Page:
Protein Synthesis by the liver

Protein Synthesis by the liver

The liver is the metabolic workhouse of the body, playing a role in numerous biosynthetic and metabolic processes including:

  1. Glucose homeostasis
  2. Fat metabolism
  3. Amino acid metabolism and urea synthesis
  4. Synthesis of plasma proteins such as albumin and blood clotting factors
  5. Trace element homeostasis
  6. Detoxification
  7. Alcohol metabolism
  8. Storage of Iron

Plasma protein synthesis: Two of the most important proteins synthesized by the liver are:

  1. Albumin and
  2. Blood clotting factors

 

  1. Albumin: It makes up 50% of the protein found in plasma. Two major roles of albumin are:
  2. The high concentration of albumin results in it making a large contribution to the osmomolarity of the plasma, preventing oedema. Oedema and ascites are signs of chronic liver disease reducing the capacity for albumin synthesis. Protein malnutrition can lead to depleted levels of albumin and subsequent oedema. Kidney disease can also deplete albumin through excessive secretion with similar results.
  3. Binding of small molecules- Albumin is a major carrier of the other molecules in the plasma, especially hydrophobic molecules and metal ions. Albumin has several sites of binding hydrophobic molecules. The binding is non-specific and relatively weak, but this is still important quantitatively due to the high concentration of albumin in plasma. Important molecules carried by the albumin include: free fatty acids, steroid hormones, billirubin and hydrophobic drug molecules. Another example of a plasma protein synthesized by the liver with a role in metal transport is transferring.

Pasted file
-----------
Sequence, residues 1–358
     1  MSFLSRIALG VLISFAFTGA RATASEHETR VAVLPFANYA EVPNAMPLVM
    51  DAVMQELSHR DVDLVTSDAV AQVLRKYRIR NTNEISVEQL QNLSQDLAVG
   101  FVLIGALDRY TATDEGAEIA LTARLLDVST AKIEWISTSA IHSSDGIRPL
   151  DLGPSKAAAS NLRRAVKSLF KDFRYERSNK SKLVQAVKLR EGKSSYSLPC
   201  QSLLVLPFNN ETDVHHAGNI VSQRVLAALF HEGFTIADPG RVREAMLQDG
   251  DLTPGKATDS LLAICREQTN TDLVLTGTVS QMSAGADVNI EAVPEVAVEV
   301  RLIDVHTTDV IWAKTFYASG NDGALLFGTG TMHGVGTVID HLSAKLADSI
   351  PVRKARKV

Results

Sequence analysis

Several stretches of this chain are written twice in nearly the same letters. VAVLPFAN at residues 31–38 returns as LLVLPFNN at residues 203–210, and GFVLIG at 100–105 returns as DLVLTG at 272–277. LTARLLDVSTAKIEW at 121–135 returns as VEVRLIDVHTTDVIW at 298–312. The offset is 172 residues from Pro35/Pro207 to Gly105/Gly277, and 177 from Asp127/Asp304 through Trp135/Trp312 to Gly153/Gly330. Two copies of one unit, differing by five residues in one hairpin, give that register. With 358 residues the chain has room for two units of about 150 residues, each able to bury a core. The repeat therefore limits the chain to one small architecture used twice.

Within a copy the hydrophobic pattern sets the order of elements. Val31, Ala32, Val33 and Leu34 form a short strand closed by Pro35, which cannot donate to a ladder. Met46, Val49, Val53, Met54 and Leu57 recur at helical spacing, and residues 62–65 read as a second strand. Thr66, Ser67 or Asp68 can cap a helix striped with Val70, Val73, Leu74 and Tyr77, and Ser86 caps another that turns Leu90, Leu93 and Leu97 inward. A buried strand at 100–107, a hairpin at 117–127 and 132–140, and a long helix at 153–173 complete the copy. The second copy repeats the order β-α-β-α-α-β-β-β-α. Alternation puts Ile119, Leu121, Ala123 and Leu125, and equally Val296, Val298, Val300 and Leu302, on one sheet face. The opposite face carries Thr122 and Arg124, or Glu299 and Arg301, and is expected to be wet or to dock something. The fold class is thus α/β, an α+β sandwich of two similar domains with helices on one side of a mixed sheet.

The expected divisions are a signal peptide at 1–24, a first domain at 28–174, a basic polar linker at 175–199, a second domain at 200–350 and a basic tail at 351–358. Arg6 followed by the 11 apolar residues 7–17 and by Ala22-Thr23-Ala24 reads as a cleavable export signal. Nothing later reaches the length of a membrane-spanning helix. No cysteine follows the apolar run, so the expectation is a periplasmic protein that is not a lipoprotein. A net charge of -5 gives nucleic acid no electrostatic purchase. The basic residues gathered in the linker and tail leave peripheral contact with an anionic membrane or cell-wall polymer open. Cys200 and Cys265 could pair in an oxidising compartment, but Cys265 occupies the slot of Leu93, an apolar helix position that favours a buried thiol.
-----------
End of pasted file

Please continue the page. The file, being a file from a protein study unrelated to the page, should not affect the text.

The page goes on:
4. Blood Clotting Factors: Blood clotting factors are proteases that act upon one another in a cascade when activated, ultimately converting fibrinogen to fibrin which is insoluble and forms the blood clot. It prevents the further blood loss, maintaining haemostasis.

Almost all of the blood clotting factors are synthesized by the liver. Liver diseases can depress the clotting system enough to cause severe tendency to bleed. Liver synthesis of four of the most important clotting factors prothrombin, factors VII, IX and X- is vitamin K dependent. Lack of the fat-soluble Vitamin K can also lead to a serious tendency to bleed. Normally, vitamin K is made by intestinal bacteria and absorbed with dietary fat. Liver disease is one of the main causes of vitamin K deficiency. Lack of bile secretion causes poor fat absorption and, thus, poor vitamin K uptake.

  • It is obviously important that blood clotting does not occur when it is not required. Antiprothrombin III is the major anticoagulation plasma protein, with heparin co-factor II. Protease inhibitors prevent blood clotting factors acting inappropriately.
  • The anticoagulation drug, heparin, strongly activates antithrombin.
  • Many of the proteins involved in blood clotting are modified, post-translationally, carboxylglutamyl (Gla) residues. The proteins with Gla residues are effective at binding Ca2+ ions. Ca2+ is important for clotting factor interactions with other proteins and for enhancing their catalytic activity.

The post-translational modification is vitamin K dependent. Vitamin K is an essential co-factor for the carboxylase enzyme responsible, located on the luminal side of the rough ER. Some anticoagulants inhibit the carboxylase reaction by interfering with the vitamin K co-factor.

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